Contact the gallery, located at 219 East Main Street, Dayton, WA, by phone at 509.382.2124 or e-mail art@wenaha.com. Gallery hours are 9 a.m. to 6 p.m. from Monday through Saturday, and by appointment. Visit the Wenaha Gallery website online at www.wenaha.com.

 

 

leather billfolds shelby sneva nanna grandma inspiration Bellingham

Leather Craft — Handcrafted Beauty from Bellingham Artist Shelby Sneva

leather billfolds shelby sneva nanna grandma inspiration Bellingham

Handcrafted leather billfolds by Bellingham artist Shelby Sneva, who credits her Nanna Grandma for opening up the world of art and sewing

It doesn’t matter whether you call her Nanna, Nona, Gramma, Grams, Babushka, Abuela, or any of the thousands of  variations of “Grandmother” — if that woman makes a positive influence on your life, she makes a lasting one.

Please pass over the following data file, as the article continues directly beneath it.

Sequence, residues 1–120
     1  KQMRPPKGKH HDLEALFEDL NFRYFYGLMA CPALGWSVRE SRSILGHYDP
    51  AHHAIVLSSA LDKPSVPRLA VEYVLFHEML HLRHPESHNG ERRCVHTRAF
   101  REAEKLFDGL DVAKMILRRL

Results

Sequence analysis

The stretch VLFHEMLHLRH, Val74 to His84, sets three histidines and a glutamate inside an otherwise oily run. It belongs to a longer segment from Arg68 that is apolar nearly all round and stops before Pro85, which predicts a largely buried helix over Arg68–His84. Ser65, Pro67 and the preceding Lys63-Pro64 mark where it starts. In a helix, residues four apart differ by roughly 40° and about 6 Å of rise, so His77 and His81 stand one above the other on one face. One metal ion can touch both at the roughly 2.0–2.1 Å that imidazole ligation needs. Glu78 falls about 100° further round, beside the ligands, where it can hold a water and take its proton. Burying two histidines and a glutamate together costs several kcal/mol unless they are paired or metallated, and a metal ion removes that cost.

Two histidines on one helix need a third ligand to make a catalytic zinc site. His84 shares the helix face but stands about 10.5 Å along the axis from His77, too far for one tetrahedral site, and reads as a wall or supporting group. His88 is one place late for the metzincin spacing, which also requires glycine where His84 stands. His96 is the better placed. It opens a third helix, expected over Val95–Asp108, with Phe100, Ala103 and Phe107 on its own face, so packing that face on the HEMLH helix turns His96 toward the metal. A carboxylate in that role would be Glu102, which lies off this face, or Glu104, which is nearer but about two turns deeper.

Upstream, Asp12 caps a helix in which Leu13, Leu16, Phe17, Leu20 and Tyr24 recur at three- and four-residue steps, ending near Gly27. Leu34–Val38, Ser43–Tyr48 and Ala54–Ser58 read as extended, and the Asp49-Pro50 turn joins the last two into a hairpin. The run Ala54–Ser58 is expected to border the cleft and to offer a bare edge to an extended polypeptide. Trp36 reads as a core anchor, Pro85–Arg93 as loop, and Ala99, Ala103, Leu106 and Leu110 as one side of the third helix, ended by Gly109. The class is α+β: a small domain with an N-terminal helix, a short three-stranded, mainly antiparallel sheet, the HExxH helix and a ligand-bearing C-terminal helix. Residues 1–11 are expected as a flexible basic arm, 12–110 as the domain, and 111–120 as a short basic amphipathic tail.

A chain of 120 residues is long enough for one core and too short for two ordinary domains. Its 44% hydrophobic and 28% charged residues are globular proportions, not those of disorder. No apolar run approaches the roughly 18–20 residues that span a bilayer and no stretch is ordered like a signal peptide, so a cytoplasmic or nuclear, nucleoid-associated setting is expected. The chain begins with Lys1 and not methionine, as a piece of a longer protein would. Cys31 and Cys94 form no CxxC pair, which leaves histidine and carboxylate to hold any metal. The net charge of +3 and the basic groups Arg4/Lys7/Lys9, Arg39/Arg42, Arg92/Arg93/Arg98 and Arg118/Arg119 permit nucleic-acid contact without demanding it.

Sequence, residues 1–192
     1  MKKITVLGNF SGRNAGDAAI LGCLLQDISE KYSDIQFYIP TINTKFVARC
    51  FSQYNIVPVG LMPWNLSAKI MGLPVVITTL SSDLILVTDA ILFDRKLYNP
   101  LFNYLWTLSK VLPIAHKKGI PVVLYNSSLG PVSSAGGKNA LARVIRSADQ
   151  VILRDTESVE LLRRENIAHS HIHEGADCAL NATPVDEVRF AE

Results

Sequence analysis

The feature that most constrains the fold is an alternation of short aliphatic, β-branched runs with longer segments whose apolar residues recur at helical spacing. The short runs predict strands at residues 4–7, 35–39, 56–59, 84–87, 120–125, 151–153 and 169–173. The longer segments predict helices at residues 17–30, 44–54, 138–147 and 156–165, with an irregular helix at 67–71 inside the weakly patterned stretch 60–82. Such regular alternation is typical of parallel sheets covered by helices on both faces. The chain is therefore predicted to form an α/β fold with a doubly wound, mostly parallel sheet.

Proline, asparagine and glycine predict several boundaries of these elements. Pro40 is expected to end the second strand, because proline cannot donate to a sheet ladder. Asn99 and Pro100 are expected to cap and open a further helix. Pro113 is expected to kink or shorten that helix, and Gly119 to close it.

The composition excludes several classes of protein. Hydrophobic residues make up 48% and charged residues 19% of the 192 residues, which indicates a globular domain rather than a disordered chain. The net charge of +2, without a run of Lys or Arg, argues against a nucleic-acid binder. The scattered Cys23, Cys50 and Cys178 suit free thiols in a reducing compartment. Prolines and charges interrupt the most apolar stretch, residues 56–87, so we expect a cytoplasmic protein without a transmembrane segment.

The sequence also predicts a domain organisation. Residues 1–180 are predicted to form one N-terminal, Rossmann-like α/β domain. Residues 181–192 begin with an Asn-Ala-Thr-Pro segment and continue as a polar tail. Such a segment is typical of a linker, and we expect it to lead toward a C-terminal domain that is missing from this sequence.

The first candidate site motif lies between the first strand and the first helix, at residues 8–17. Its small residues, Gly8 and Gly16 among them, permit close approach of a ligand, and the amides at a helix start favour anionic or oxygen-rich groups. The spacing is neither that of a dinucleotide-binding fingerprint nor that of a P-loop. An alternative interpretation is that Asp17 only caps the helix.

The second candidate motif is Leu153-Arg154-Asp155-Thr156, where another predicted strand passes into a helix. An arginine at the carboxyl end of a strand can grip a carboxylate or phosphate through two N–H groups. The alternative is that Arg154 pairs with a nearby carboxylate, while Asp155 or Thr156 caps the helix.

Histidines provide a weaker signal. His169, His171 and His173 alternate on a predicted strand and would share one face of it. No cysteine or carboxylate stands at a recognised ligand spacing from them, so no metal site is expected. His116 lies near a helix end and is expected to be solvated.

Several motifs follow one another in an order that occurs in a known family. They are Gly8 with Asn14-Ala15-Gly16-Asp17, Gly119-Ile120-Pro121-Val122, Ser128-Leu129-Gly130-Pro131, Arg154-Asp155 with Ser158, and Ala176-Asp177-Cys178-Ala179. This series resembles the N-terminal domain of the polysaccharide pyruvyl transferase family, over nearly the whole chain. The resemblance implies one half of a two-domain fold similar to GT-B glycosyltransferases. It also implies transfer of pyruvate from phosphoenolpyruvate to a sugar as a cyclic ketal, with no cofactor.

Leather designer Shelby Sneva, who creates hand-crafted wallets, clutches, cuffs, shoulder bags, and jewelry from fine and reclaimed leather, credits her artistry today to a Singer sewing machine gifted by her Nanna when Sneva was six.

colorful bracelets by bellingham leather artist shelby sneva inspired by nanna

Colorful leather bracelets by Bellingham artist Shelby Sneva. It all started with the gift of a Singer sewing machine by Shelby’s Nanna Grandma.

“I always thought it was the most fantastic hunk of metal, gears and knobs!” the Bellingham artist remembers. “I fumbled around on that machine for several years, making outfits and teaching myself to be a crafty little stitcher.”

Nanna’s Lasting Gift